Jaharis Family Foundation $15 Million Grant Expands Tufts’ Anatomy Lab

September 22, 2016

MEDFORD, Mass. — Tufts University is receiving a $15 million donation from the Jaharis Family Foundation to expand its anatomy lab where medical students dissect cadavers.

The foundation was founded by pharmaceutical executive and former Tufts trustee Michael Jaharis, who died in February at age 87.

Tufts plans to build an expanded anatomy lab with new medical imaging equipment and room for more than 200 students and faculty. The lab is expected to be finished in 2018.

School officials say the lab bolsters their commitment to dissection as a critical part of medical education. Medical students at Tufts and many other schools learn anatomy by dissecting cadavers.

The donation also provides $2 million for scholarships to help low-income and middle-income medical students pursue careers in family medicine.

The gross anatomy laboratory will be relocated, expanded and integrated with state-of-the-art digital imaging thanks the donation the university’s newspaper Tufts Now reported.

The scholarships funded by the gift will go to middle- to low-income students committed to practicing family medicine, easing student indebtedness in a medical specialty with a tremendous shortage of physicians.

Tufts President Anthony P. Monaco told the newspaper that the Jaharis family’s philanthropy aligns with a core value of the university—to act as an engine for social good.

“There’s nothing more noble than an investment in education and the health and well-being of our society,” he said.

“Family physicians trained at Tufts will play a critical role as we confront the obesity epidemic, opioid addiction and other great health challenges of our times and work to resolve them,” he added.


The donation also means students at Tufts, one of top medical schools in the Boston area, which is filled with them, will have an updated gross anatomy lab so they can practice hands-on dissection to go along with advances in diagnostic imaging technologies offering virtual reality in the field.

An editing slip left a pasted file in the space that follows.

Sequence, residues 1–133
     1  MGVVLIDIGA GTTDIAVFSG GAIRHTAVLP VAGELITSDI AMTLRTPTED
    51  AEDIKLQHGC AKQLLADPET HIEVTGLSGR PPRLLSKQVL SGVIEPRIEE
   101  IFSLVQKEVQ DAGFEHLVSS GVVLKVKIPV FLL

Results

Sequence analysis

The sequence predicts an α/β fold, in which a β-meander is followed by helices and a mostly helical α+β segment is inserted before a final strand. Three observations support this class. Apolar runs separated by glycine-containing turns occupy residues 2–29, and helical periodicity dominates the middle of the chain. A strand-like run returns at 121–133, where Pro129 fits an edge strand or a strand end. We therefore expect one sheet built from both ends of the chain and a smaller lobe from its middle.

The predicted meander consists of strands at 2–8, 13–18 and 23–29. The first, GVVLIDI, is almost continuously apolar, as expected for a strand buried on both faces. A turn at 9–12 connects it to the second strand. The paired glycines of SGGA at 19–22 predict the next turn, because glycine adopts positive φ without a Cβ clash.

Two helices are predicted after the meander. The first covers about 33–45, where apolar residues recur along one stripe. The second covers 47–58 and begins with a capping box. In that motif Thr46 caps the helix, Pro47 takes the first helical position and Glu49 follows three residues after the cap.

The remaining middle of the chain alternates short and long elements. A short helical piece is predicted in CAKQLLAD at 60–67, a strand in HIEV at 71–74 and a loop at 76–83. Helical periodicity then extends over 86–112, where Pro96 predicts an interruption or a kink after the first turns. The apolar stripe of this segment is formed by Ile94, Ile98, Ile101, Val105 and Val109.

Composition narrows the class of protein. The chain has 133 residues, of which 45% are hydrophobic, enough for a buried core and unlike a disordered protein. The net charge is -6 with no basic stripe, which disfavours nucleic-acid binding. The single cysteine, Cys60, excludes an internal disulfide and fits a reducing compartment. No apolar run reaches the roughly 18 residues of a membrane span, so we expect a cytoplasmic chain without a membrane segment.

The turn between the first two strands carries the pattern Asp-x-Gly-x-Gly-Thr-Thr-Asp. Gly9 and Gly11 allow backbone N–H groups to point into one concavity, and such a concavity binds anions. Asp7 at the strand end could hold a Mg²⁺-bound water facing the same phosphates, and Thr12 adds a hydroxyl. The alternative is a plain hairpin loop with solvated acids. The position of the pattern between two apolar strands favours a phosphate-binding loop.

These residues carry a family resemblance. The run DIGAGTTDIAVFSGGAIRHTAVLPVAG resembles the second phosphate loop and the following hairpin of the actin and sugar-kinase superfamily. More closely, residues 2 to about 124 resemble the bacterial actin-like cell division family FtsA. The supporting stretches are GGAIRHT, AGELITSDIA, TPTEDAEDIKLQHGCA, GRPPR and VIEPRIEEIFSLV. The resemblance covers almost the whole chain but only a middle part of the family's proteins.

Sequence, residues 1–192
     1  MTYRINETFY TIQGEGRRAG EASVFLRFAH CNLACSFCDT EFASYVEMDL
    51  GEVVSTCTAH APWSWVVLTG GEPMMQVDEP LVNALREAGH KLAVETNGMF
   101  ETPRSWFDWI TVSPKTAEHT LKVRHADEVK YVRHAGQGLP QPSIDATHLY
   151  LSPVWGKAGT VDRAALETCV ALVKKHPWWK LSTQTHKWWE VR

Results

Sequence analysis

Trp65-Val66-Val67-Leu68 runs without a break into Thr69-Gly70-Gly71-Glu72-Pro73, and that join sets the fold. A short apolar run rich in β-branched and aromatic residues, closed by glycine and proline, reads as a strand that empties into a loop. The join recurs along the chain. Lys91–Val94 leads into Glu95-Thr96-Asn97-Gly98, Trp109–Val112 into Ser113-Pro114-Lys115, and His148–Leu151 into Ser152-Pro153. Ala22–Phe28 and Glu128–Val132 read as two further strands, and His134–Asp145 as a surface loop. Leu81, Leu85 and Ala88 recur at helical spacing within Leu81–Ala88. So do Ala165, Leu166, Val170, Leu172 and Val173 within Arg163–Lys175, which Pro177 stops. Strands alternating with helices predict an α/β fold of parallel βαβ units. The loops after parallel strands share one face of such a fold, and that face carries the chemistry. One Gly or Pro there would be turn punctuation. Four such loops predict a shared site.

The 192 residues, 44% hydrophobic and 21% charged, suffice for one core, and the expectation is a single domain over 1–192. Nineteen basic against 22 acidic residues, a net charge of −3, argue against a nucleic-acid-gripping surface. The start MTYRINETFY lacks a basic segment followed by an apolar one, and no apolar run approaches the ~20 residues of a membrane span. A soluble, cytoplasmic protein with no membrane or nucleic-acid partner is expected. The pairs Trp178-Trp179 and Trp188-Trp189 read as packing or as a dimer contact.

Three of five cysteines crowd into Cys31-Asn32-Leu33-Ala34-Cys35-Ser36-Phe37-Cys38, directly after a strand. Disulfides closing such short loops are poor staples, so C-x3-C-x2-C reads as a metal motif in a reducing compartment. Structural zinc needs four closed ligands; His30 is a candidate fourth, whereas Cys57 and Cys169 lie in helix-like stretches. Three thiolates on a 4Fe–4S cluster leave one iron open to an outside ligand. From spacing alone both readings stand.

“Overall, the trend has been for schools to go away from physical dissection, although many have come back to it,” Jeffrey Marchant, Ph.D., Research Assistant Professor and Associate Director of the Division of Medical Education at Tufts told the paper.

“In our view, in order to learn the material, students have to go into the lab and physically dissect the parts of the body. Searching for structures is an important part of the learning process.”

The new gross anatomy lab will feature an enlarged space and world-class technology in addition to hands-on physical dissection. Using the Jaharis grant, the new lab will incorporate a range of new features, including a 75-person classroom, an advanced dissection lab and a special anatomy suite as well as a flexible design for more than 200 students and faculty with surgical lighting and computer screens at each dissection table;

The gift from the Jaharis Family Foundation enables Tufts to maximize the use of one of its oldest buildings on campus, the Biomedical Research and Public Health Building, which has been central to the School since the 1950s.

Construction on the new lab will begin in fall 2016 and is scheduled to be completed in summer 2018. The laboratory will run year-round, providing anatomical training for each medical, dental medicine, and physician assistant class.


The $2 million from the Jaharis donation will especially benefit family medicine during a time when many medical students are choosing specialties.